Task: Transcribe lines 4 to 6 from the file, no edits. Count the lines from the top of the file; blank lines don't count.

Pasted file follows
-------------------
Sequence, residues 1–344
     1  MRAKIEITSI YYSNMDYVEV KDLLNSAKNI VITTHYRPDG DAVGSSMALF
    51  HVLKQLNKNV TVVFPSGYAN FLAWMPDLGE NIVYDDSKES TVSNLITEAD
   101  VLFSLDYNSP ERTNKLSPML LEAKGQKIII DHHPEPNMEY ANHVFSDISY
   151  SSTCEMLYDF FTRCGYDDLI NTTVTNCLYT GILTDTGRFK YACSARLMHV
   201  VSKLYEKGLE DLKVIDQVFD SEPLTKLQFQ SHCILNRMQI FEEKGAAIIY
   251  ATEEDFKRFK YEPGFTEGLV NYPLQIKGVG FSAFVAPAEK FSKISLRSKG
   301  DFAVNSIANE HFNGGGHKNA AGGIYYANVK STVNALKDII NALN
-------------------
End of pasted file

   101  VLFSLDYNSP ERTNKLSPML LEAKGQKIII DHHPEPNMEY ANHVFSDISY
   151  SSTCEMLYDF FTRCGYDDLI NTTVTNCLYT GILTDTGRFK YACSARLMHV
   201  VSKLYEKGLE DLKVIDQVFD SEPLTKLQFQ SHCILNRMQI FEEKGAAIIY